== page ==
Reality check for women
farmers and those of us working to transform the food system: There is no “9 to
5.” There’s no beginning and ending office hours, no punching in and out of a
time clock and no life that fits into neat check boxes of job descriptions and
parameters either. We can’t pass a weed without pulling it and we can’t turn
off that part of our mind that constantly brainstorms new ways to battle the
squash bugs, blend the pesto, and blog about savoring that first strawberry.
But in reality, we
wouldn’t want it any other way. For us women farmers, our passions drive our
work, something that fuels us 24/7 and blends those traditional boundaries of
“work” and “leisure” into an energy drink like no other, driven by a collective
spirit of wanting our work, our livelihood, to do more than just pay the bills.
We want to transform our world into a better place.
I offer this perspective
as someone seasoned in the journey of kissing off that traditional cubicle job
path. When my husband, John Ivanko, and I started off post-college in the early
1990s, we fell into that expected, well-worn, traditional career path: Get a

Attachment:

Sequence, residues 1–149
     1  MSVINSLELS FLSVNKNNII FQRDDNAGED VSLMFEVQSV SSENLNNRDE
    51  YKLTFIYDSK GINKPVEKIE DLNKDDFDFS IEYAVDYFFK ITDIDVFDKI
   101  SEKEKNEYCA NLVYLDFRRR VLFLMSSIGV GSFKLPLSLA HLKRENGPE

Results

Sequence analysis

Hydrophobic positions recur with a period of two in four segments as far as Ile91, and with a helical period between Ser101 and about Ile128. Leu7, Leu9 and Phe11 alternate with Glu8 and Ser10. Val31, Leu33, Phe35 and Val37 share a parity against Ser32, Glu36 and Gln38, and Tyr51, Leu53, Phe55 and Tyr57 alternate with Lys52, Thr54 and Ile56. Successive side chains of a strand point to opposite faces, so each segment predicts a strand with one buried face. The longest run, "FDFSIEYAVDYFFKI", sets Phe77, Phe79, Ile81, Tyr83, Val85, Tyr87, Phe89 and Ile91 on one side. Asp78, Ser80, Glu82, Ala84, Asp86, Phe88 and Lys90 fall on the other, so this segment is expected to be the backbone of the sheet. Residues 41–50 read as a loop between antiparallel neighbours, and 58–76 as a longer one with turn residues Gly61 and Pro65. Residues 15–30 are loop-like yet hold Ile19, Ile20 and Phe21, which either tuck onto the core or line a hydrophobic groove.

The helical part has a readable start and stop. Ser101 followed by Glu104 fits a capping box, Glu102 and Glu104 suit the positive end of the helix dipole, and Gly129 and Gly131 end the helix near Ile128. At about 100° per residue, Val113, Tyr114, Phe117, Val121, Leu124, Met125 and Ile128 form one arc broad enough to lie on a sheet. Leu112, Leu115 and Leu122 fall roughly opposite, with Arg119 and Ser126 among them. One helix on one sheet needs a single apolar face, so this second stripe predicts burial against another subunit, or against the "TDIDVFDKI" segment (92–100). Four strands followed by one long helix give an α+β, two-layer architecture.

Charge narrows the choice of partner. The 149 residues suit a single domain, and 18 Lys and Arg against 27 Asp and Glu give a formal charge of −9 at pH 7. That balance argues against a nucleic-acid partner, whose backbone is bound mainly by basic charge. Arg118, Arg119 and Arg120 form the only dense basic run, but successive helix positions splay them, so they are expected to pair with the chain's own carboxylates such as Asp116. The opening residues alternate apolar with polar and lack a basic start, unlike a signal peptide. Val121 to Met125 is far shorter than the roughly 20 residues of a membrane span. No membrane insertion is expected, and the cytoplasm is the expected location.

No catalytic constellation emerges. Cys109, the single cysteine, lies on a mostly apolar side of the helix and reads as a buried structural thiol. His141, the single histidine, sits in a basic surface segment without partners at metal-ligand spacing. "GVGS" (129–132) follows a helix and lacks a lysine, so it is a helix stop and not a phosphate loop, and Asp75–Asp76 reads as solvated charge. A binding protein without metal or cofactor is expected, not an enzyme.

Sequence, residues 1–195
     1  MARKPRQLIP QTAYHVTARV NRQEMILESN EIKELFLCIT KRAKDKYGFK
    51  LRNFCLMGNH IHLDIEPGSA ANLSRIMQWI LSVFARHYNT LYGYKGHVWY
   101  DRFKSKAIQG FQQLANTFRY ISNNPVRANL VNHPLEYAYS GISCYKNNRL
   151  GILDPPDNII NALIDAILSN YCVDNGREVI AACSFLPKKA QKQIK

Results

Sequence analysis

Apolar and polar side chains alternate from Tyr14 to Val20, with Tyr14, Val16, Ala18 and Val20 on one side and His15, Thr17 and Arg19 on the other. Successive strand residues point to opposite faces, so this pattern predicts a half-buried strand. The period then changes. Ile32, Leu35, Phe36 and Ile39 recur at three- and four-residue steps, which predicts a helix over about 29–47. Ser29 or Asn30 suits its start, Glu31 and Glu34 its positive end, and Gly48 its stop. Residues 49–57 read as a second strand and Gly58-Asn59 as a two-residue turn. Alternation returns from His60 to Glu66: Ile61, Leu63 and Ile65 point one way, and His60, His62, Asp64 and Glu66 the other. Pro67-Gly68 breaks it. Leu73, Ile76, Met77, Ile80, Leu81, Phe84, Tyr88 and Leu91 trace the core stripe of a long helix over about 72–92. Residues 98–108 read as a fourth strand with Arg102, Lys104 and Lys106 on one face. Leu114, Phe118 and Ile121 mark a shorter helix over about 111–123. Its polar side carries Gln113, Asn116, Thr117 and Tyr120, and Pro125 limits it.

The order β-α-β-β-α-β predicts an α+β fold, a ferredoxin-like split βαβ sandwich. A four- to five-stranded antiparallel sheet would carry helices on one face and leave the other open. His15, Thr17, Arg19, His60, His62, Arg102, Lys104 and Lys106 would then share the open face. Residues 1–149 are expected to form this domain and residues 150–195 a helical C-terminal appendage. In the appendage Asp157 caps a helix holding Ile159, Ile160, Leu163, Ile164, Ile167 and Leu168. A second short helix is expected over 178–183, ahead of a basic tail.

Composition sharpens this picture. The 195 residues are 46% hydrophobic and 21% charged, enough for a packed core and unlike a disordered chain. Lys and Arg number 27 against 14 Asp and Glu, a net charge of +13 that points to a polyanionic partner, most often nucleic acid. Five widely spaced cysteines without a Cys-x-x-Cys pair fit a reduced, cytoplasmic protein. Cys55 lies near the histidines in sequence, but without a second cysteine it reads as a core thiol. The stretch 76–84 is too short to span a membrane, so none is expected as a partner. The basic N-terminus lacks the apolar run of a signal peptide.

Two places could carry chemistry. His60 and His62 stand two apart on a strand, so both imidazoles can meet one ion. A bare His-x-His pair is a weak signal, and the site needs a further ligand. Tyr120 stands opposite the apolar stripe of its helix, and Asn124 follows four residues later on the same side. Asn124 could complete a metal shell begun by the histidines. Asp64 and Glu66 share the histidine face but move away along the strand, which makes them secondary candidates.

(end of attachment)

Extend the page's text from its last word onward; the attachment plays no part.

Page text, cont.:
job with a paycheck, work in a corporate cubicle, get so busy that you have no
time to connect with the land or your food source.
dissatisfied, we then consciously shifted our priorities when we moved to our
Wisconsin farm, Inn Serendipity,
where for nearly 16 years we have operated an array of green, diversified
businesses, including running a B&B and authoring several books including Farmstead
While typical career
advice for working women talks about ways to “balance” your work and your family
and personal life, I’d argue the opposite for those of us in agriculture and
committed to sustainability: Dive in, work with passion, and take all the other
important elements of your life with you. I talked about this topic at the “See
Jane Grow” workshop at the Mother Earth News Fair at Seven Springs. Here are
four reasons why such blending yields strategic sense:
1. Makes Savvy Business Sense
As we write about in
detail in ECOpreneuring, crafting a self-employed livelihood around what you
are passionate about will gift you beyond satisfaction in your work, it garners
more income for your bottom line. By tracking and deducting expenses from business
revenues, you pay less in taxes.
For example, we pay
“rent” to ourselves for a percentage of the square footage of our farmhouse,
the rooms we use solely for the B&B. We depreciate the cost to install our
wind turbine, which produces enough electricity to cover our needs and also
enable us to sell back to the utility grid, another income source. Such
integration requires a shift in thinking from being a paycheck earning employee
to being an entrepreneur, looking at every expense strategically and seeing how
it can relate to the business and your bottom line.
2. Integrate Your Family
Working in farm and food
issues enables women to involve their children directly in their work. Our son,
Liam, gets involved with all aspects of the diversified businesses here on the